100% crop damage reported in parts of Mindanao due to drought

Pia Ranada

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100% crop damage reported in parts of Mindanao due to drought
Crops that suffered the most damage in parts of Central Mindanao are corn and rice, says an Oxfam report

MANILA, Philippines – An international non-governmental organization reported up to 100% crop damage for rice and corn in parts of Central Mindanao due to drought currently plaguing the region and other parts of the country.

Oxfam, an aid agency based in Britain but with an office in the Philippines, reported 70% to 100% damage to crops like rice, corn, coconut, banana, coffee, and cacao.

This follows the declaration of a state of calamity by the provinces of Maguindanao, North Cotabato, South Cotabao, Cotabato City, and Zamboanga City due to drought.

The Oxfam report obtained by Rappler covered villages in Maguindanao, North Cotabato, and Sultan Kudarat. They used data from the Municipal Agriculture Offices of each village.

Based on the data, at least 11,292 farmers have been affected. In total, damage to crops was pegged at P103.7 million ($2.3 million).

Crops that were dealt the hardest blow were corn and rice.

More than P45.1 million ($1 million) worth of corn was damaged, followed by damage to rice estimated to be worth P27.3 million ($612,000), reads the OxFam report.

Crop No. of Affected Farmers No. of Hectares Estimated Value (Php)
Corn 8,431 12,399.25


Rice 1,538 1,806


Coconut 120 260


Banana 265 2,931


Rubber 254 534.75


Coffee 149 273.75


Cacao 70 13


Mango 29 21


TOTAL 10,856 18,238.75 103,740,609.37

Aside from the figures above, 60 coconut farmers and 316 vegetable farmers also experienced damage to crops.

Dried-up irrigation systems

The affected farmers cannot depend on irrigation facilities to restore their crop fields.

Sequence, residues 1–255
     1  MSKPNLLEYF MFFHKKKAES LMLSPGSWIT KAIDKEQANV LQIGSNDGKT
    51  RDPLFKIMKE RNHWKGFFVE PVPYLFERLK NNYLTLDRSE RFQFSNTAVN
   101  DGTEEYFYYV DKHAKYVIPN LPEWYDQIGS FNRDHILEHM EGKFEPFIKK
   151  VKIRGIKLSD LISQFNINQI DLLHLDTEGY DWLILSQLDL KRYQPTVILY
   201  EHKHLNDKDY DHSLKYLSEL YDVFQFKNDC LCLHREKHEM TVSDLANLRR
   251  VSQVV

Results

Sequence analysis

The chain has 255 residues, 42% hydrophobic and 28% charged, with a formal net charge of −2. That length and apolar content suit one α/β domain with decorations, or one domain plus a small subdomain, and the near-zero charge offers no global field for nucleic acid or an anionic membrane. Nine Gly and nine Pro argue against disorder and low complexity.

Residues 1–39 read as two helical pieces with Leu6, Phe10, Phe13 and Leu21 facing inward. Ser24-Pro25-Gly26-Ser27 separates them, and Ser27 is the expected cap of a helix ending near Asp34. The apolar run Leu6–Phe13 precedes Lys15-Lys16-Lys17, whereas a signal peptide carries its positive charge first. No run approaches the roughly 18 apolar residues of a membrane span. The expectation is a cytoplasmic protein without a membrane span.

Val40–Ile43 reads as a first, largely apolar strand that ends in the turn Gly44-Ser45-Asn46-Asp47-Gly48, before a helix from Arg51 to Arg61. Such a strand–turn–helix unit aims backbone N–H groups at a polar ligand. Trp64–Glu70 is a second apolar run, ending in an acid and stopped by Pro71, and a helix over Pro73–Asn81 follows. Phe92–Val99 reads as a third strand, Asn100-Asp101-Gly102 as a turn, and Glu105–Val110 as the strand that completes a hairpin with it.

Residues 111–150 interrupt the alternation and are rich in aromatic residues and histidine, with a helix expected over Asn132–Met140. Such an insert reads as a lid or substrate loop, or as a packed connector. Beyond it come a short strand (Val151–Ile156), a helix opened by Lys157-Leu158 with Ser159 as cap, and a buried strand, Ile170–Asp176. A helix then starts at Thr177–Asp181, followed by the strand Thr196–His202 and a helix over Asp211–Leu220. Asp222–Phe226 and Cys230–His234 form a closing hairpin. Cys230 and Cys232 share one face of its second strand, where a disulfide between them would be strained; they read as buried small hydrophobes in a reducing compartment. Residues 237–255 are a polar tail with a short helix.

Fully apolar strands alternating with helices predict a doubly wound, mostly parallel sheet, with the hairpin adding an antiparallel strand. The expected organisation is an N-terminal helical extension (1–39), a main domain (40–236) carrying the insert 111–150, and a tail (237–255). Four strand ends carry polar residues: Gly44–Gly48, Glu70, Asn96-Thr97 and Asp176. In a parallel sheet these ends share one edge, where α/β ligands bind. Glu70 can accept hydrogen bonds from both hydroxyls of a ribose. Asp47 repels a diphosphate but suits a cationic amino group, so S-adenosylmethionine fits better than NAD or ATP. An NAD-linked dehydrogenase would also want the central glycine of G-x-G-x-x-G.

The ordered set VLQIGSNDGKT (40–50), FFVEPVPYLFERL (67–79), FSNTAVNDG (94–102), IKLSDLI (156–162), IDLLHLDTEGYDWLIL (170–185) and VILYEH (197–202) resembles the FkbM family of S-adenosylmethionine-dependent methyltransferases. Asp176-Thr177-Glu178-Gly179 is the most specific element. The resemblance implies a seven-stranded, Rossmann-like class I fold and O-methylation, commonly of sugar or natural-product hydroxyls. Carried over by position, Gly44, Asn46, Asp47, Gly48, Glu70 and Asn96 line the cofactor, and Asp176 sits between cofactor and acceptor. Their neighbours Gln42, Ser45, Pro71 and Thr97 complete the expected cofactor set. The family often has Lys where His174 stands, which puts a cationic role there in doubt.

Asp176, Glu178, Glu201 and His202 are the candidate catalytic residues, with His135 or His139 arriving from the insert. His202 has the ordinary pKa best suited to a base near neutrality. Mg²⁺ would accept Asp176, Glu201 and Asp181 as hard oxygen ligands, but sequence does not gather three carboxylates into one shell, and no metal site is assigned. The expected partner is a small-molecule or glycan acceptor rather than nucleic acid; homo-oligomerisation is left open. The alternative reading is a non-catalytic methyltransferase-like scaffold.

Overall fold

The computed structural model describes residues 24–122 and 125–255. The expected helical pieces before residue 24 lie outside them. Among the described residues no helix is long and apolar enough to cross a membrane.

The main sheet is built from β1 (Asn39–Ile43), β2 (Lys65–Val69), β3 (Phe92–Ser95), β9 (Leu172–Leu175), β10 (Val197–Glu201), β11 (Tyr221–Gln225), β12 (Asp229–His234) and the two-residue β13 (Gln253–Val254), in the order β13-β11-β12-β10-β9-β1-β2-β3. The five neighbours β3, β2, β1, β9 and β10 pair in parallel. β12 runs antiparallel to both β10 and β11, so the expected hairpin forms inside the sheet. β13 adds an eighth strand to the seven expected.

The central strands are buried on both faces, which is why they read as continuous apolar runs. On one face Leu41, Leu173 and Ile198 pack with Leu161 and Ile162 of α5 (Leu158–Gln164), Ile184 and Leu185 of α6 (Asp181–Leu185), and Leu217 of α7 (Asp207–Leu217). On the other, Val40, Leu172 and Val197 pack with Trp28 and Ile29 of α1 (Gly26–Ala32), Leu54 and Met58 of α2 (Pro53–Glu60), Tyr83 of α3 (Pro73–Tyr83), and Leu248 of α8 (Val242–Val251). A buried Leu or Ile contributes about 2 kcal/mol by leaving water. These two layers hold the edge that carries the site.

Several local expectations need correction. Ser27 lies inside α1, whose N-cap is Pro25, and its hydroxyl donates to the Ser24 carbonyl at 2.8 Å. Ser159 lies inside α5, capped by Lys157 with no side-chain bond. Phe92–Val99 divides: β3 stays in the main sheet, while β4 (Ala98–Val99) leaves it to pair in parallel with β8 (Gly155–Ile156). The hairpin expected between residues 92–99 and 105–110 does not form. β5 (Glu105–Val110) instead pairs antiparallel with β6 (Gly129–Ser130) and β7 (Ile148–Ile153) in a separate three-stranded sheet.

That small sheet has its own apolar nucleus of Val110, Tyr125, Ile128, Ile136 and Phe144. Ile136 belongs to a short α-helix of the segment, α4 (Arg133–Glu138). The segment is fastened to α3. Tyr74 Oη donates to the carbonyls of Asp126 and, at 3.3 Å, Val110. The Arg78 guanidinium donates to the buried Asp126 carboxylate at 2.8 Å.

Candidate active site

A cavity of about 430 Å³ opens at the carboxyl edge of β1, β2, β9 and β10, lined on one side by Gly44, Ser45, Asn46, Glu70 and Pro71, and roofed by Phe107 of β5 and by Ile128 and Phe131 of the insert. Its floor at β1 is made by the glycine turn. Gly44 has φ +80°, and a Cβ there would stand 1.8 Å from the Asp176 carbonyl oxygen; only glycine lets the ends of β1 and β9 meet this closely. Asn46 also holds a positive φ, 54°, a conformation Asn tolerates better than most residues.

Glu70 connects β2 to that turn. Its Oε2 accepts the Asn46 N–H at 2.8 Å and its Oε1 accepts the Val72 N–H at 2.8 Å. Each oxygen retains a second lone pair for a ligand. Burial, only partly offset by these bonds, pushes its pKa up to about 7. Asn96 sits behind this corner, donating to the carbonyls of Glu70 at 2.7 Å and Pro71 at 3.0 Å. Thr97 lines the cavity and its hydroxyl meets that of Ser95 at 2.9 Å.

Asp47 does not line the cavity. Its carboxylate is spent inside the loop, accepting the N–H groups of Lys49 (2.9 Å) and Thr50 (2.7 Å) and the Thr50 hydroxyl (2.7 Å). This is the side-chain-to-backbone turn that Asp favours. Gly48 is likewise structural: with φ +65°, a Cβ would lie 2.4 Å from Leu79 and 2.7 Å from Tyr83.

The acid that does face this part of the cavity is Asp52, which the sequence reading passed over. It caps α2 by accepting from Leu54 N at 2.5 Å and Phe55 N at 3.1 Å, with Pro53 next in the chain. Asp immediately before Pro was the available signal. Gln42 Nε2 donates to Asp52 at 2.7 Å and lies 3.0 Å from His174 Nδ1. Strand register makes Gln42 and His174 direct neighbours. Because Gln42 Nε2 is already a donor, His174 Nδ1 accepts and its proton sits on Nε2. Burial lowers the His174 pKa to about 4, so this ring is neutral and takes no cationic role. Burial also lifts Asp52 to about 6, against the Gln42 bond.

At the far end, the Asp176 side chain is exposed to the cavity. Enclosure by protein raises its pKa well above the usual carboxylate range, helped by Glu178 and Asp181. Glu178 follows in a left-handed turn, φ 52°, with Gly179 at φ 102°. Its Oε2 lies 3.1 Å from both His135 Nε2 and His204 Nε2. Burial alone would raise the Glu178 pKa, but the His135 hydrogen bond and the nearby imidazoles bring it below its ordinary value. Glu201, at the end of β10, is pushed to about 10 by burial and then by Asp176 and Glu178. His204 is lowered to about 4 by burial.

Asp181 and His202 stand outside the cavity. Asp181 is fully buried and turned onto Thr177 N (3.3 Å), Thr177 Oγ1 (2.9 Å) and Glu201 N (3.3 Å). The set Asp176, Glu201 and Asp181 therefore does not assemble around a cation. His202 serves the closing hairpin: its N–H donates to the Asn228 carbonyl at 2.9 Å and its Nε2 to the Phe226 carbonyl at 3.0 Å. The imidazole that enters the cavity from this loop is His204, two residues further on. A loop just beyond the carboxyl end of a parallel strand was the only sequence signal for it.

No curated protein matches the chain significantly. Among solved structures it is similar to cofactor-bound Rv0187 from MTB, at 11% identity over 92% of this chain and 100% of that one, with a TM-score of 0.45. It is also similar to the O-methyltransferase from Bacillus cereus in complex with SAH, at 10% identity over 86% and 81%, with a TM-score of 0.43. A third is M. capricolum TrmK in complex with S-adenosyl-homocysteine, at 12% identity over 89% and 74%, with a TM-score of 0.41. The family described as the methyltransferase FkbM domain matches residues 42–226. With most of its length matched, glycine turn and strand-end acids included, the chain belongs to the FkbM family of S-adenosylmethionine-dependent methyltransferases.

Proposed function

“Irrigation system has dried-up or [has] very little water which cannot help in providing irrigation to rice fields,” reads the report prepared by Oxfam’s Vincent Malasador and Ana Caspe, who both implement Oxfam programs in Mindanao.

Availability of water in other water sources were also observed to have drastically reduced, they report. In some villages, the flow of drinking water sources appears to have slowed down.

If the drought continues until June, usually a time when farmers can count on rain, the cropping calendar will be affected, warned the report.

The drought, or a prolonged period of below-normal rainfall, is said to be caused by the El Niño currently affecting the country.

To fight the drought, the Department of Agriculture said it has conducted cloud-seeding operations over parts of Mindanao to induce rain. (READ: Gov’t prepares PH agricultural sector for El Niño)

A budget of P1.61 billion has also been targeted for stocking and distribution of substitute seeds and fertilizer, construction of small-scale irrigation facilities, and crop insurance. – Rappler.com

Image of farmer planting in parched land from Shutterstock

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Pia Ranada

Pia Ranada is Rappler’s Community Lead, in charge of linking our journalism with communities for impact.